Many features of aging result from the incapacity of cells to adapt to stress conditions. When cells are overwhelmed by stress, they can undergo senescence to avoid unrestricted growth of damaged cells. Recent findings have proven that cellular senescence is more than that. A specific grade of senescence promotes embryo development, tissue remodeling and wound healing. However, constant stresses and a weakening immune system can lead to senescence chronicity with aging. The accumulation of senescent cells is directly related to tissue dysfunction and age-related pathologies. Centenarians, the most aged individuals, should accumulate senescent cells and suffer from their deleterious effects, however, they enjoy a compression of morbidity. We have shown that they overexpress B-cell lymphoma-extra large (Bcl-xL). Bcl-xL could avoid an excessive burden of senescent cells through the regulation of intrinsic apoptosis, mitochondrial bioenergetics and oxidative stress. On the other hand, Bcl-xL maintains a fully functional immune system that ensures an efficient clearance of senescent cells. Moreover, there is a paradox, as inhibitors of Bcl-xL have been employed as senolytic agents, which have been shown to protect from aging in animal models. In this review, we aim to discuss how Bcl-xL could modulate senescence-associated harmful effects in centenarians, protecting them from the burden of accumulation of senescent cells.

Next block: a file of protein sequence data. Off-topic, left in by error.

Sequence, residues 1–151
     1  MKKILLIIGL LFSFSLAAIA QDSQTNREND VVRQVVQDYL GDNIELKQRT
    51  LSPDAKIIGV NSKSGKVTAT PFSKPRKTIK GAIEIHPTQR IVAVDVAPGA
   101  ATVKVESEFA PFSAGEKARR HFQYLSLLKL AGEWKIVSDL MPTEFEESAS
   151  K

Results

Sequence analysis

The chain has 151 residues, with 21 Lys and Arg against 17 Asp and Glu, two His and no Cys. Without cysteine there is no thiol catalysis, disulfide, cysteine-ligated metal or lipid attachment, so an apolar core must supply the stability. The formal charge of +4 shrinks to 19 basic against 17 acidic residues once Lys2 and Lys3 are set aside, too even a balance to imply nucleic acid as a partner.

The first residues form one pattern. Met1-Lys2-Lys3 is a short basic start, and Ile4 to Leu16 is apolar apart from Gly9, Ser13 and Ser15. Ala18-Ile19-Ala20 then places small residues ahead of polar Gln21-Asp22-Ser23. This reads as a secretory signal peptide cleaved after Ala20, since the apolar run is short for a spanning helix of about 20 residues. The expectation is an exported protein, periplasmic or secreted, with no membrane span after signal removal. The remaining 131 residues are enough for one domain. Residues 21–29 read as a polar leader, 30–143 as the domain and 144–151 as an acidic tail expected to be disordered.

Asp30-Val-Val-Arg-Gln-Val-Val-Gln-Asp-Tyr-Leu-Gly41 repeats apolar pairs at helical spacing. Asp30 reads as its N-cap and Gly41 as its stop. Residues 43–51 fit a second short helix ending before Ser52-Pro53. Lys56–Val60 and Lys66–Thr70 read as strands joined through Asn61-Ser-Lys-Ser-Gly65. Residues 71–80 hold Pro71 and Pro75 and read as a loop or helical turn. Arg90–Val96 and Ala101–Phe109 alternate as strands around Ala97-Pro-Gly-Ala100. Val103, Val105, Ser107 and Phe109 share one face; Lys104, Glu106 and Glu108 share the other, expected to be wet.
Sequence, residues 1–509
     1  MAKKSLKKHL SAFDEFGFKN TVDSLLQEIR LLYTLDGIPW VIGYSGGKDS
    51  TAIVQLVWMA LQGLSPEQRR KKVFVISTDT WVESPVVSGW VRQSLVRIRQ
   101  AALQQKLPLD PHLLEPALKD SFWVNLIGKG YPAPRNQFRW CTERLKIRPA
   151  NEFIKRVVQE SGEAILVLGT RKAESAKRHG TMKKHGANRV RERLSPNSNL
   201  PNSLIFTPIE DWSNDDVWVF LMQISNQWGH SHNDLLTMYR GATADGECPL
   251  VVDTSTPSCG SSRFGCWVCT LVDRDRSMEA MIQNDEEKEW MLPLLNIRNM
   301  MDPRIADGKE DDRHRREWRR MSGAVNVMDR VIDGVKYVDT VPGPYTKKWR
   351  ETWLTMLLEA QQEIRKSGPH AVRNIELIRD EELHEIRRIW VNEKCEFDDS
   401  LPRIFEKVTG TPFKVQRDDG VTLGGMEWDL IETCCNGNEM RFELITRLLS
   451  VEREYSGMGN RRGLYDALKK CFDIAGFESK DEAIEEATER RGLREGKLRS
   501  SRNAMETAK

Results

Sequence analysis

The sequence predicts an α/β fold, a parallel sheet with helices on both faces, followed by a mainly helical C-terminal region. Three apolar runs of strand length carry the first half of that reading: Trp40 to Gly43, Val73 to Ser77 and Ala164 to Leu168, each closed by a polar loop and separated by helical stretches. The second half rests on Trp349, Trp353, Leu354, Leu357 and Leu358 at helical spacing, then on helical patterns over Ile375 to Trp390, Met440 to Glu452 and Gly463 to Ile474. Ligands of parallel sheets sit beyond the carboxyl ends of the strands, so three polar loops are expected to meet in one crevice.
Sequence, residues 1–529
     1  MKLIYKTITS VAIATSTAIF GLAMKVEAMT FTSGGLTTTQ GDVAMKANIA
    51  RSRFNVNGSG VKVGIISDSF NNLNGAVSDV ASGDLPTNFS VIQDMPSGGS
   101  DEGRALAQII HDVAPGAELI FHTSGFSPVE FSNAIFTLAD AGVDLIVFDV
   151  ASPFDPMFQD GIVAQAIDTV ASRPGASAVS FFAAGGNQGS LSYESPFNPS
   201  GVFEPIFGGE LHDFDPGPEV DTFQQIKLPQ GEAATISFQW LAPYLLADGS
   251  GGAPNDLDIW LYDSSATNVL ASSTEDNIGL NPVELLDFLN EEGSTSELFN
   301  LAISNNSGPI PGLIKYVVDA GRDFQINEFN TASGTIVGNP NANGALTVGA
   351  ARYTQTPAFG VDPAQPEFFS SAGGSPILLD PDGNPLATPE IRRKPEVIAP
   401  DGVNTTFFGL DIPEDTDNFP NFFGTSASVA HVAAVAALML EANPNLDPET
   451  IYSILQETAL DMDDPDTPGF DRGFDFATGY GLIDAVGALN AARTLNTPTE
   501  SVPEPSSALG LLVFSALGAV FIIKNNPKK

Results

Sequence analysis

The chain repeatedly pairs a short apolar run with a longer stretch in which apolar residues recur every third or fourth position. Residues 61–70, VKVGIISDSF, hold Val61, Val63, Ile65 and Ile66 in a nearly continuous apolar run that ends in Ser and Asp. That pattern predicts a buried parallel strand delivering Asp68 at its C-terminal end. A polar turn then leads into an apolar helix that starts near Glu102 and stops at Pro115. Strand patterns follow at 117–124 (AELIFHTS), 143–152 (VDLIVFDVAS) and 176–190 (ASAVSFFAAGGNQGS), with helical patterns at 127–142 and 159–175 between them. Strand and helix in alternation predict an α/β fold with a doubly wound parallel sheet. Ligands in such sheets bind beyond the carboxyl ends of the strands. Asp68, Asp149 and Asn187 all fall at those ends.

Keywords: Bcl-xL; aging; apoptosis; centenarians; immunosenescence; senescence; senolytics.